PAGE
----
Sept. 18, 2013
MADISON, Wis. -- After standout careers at the University of Wisconsin, former All-Big Ten standouts Marek Michalicka and Moritz Baumann are making names for themselves on the professional circuit lately.
Last weekend, Michalicka won the Serbia F12 Futures tournament in Subotica, Serbia and took home a $10,000 purse. Currently ranked 493rd in the world, Michalicka went 5-0 on the week, defeating Dominick Suc, 6-1, 6-1, in the finals.
Michalicka, who graduated from Wisconsin in 2011, also had a good showing in the Alphen Challenger in Alphen Aan Den Rijn, Netherlands, winning five straight matches, before falling in the quarterfinals to Daniel Gimeno-Traver, who is ranked No. 56 in the world.
• Michalicka ATP Tour bio
Baumann, UW class of 2010, recently knocked off the No. 76 player in the world, Albert Ramos of Spain. That win sent Baumann to the Round of 16 of the Genova Challenger in Genova, Italy. Baumann, who is up to the No. 439 ranking, also won his first four matches and advanced to the Round of 16 in the Como Challenger in Como, Italy.
• Baumann ATP Tour bio
"I'm proud of Marek and Moritz and happy to see that they're having success on the professional tour," Wisconsin head coach Greg Van Emburgh said. "They're great representatives for the University of Wisconsin and it's fun following their careers. It looks like they're still playing at a very high level."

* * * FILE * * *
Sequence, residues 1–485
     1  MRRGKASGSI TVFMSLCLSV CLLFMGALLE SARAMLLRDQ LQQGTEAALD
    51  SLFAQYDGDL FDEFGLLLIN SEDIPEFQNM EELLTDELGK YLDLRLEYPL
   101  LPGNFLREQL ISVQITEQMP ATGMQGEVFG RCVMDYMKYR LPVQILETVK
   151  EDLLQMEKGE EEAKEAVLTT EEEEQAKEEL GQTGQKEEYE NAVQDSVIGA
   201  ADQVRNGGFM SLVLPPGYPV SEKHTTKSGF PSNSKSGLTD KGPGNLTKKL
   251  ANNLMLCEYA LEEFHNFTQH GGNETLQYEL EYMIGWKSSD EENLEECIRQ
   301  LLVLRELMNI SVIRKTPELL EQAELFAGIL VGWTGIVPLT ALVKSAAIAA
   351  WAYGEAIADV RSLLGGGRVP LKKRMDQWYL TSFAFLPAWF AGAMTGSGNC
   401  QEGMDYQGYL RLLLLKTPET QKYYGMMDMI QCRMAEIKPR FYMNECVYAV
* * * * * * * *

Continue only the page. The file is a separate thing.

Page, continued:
During his UW career, Michalicka was a three-time All-Big Ten honoree and the conference's freshman of the year in 2008. Michalicka finished his collegiate career with the second-best singles winning percentage in UW men's tennis history (.735). He earned three straight NCAA tournament berths in singles play, becoming the third Badger to appear in three national championships.
Baumann is UW's only four-time All-Big Ten selection and was the second UW player ever named to the All-Big Ten team as a freshman. As a senior, Baumann was ranked as high as No. 6 in the NCAA and his .712 career winning percentage (95-38) ranks him fourth in UW history.